One-hundred-and-thirty-five countries agreed today to the global tax deal that Joe Biden and Janet Yellen have long wanted. The arrangement would establish a global minimum corporate-tax rate of 15 percent and reduce the sovereignty of countries to make their own tax policy. That includes the sovereignty of the United States, and Congress should do everything in its power to scuttle this deal.
For a long time, many on the left have decried the “race to the bottom” in corporate taxes. The argument goes like this: One country cuts its corporate tax rate to lure businesses to its shores, then another country undercuts the first country, then another, and so on. Businesses chase these lower rates all around the world, and the countries that choose not to play along wind up with no revenue.
The problem with that argument is that it hasn’t happened. What has been derided as a race to the bottom in reality has been more of a slow glide to the middle. Over the past 40 years, corporate tax rates have slowly declined across the board, and the worldwide average in the past ten years has settled right around 25 percent. The distribution has also become less variable over that span: The most common statutory rates globally are between 20 and 25 percent.
The United States used to be far above the global average. The federal statutory corporate-tax rate was 35 percent until the 2017 Tax Cuts and Jobs Act reduced it to 21 percent, where it currently stands. The domestic political agenda behind Biden and Yellen’s global antics is obvious. Democrats want to raise the federal corporate rate back above the global average again, to 26.5 percent. Since states also levy corporate taxes, the average corporate-tax rate for the U.S. would be 30.9 percent, which would be third-highest in the OECD, trailing only Colombia and Portugal. The Biden administration has made great play of the importance it attaches to competition when it is agitating for an aggressive antitrust policy, but that enthusiasm mysteriously wanes when it comes to taxation.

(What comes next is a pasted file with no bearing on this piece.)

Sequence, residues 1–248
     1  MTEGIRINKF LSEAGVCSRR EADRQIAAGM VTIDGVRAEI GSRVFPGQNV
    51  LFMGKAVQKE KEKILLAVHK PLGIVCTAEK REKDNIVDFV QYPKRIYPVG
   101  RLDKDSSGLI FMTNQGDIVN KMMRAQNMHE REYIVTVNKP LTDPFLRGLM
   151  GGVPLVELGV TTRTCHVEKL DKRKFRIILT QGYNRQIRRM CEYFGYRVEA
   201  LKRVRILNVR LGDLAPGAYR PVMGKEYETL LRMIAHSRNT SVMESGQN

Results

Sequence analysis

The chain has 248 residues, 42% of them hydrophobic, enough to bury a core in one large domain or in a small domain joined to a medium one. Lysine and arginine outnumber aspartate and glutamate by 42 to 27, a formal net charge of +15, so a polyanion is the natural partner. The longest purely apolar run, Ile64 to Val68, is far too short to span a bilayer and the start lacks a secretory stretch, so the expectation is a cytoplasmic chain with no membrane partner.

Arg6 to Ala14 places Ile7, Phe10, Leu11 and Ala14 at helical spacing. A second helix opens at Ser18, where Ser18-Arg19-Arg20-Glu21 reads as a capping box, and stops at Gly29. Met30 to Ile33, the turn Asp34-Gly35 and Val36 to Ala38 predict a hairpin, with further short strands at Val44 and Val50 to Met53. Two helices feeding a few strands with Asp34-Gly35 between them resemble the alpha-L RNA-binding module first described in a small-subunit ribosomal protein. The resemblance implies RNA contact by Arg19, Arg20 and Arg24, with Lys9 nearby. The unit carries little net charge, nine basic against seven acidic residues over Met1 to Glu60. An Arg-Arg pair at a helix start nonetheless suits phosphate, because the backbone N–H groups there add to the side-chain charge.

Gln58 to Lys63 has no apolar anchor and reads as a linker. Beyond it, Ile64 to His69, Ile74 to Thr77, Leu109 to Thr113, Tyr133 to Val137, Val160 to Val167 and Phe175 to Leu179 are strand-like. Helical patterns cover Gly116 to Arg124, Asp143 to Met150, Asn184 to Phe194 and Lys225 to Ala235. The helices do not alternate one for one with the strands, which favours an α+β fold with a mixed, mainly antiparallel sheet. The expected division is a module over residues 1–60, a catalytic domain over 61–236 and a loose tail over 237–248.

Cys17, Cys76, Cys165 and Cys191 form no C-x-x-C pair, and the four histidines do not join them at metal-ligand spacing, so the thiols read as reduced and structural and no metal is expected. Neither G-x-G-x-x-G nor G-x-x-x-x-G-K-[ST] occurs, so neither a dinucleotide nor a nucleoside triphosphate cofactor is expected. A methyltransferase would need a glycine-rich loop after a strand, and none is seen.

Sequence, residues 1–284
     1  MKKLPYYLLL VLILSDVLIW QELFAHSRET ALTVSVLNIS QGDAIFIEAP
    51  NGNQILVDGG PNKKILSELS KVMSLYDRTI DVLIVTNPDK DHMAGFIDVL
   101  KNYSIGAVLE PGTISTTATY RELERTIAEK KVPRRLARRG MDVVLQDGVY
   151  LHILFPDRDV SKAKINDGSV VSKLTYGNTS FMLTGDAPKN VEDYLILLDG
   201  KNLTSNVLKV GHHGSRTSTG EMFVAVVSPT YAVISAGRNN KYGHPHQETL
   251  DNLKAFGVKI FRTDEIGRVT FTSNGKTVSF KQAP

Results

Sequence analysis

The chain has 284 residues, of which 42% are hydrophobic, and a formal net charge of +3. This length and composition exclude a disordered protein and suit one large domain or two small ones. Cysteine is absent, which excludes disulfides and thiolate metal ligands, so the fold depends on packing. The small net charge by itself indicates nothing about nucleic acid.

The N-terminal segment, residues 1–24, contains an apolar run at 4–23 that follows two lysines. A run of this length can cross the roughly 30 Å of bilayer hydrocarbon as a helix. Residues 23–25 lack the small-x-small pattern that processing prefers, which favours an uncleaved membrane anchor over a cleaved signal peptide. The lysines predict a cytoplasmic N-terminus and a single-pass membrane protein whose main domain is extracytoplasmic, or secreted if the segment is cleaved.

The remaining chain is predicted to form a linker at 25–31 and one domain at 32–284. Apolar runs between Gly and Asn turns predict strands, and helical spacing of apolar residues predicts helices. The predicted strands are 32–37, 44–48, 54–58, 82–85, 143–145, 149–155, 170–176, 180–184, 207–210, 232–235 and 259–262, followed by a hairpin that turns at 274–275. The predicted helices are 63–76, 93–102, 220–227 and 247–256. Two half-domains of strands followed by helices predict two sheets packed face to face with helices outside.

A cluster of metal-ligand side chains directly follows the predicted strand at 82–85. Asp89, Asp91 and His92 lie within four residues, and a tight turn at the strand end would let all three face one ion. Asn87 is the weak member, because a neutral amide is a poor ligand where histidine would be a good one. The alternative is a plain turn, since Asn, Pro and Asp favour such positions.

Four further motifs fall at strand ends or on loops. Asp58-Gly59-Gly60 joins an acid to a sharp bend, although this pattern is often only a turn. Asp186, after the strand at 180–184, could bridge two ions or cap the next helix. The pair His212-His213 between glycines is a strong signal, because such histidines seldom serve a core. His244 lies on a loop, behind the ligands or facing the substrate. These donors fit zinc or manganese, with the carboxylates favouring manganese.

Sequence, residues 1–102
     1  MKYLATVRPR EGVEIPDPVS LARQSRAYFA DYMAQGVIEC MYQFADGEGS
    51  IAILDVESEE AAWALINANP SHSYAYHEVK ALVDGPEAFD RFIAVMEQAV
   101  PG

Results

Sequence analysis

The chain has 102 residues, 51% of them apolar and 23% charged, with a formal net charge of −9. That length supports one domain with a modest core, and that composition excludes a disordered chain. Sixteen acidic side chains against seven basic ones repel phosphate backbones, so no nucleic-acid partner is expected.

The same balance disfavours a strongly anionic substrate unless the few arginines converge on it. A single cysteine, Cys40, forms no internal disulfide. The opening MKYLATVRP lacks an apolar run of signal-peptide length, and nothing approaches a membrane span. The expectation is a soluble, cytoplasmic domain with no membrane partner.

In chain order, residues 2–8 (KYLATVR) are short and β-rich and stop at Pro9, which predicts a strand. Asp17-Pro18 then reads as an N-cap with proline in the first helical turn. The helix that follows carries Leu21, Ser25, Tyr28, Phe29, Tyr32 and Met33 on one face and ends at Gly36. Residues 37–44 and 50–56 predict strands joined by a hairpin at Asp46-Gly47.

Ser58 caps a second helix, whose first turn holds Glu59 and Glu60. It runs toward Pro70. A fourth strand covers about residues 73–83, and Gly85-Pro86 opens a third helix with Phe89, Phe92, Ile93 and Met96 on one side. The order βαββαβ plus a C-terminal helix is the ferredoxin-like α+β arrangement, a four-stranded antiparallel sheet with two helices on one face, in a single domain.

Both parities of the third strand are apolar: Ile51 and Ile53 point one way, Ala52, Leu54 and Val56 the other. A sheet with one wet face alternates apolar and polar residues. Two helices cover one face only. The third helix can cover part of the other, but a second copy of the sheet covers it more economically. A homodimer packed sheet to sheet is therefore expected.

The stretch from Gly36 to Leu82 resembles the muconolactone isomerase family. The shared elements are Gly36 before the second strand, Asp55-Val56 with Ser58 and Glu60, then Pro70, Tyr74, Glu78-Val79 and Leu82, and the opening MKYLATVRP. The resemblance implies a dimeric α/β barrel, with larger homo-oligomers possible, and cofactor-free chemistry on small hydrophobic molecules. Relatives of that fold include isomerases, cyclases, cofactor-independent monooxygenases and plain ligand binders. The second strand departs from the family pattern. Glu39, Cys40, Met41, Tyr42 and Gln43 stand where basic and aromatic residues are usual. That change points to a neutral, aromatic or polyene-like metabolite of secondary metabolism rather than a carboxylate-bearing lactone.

Large, powerful countries shouldn’t force smaller, weaker countries to adopt tax policies that facilitate the large countries’ extraction of revenue from corporations. In any other context, the Left would cry, “Imperialism!” but apparently tolerance of global differences must be set aside if it gets in the way of revenue. Setting tax policy is an inherent power of governments, and it should be left to them, not outsourced by international agreement.
That goes for the United States, too. Our Constitution unambiguously puts the power of taxation in the hands of Congress. Not the president, or the Treasury secretary, or the whims of the international community expressed in a multilateral agreement.
Our Constitution also puts the power to approve treaties in the hands of the Senate and subjects such approval to a two-thirds vote threshold. Senators Pat Toomey, Mike Crapo, and Jim Risch have expressed concern that the Biden administration will circumvent that requirement. This agreement is a tax treaty and must be treated as such within the American constitutional system. Without the advice and consent of the Senate and a two-thirds vote of approval, it cannot be considered binding on American tax policy. The last thing we need is a rerun of the Iran deal, which President Obama put into effect over the objections of a bipartisan majority of senators.
As tax policy and as foreign policy, this global tax cartel should be rejected.
Something to Consider
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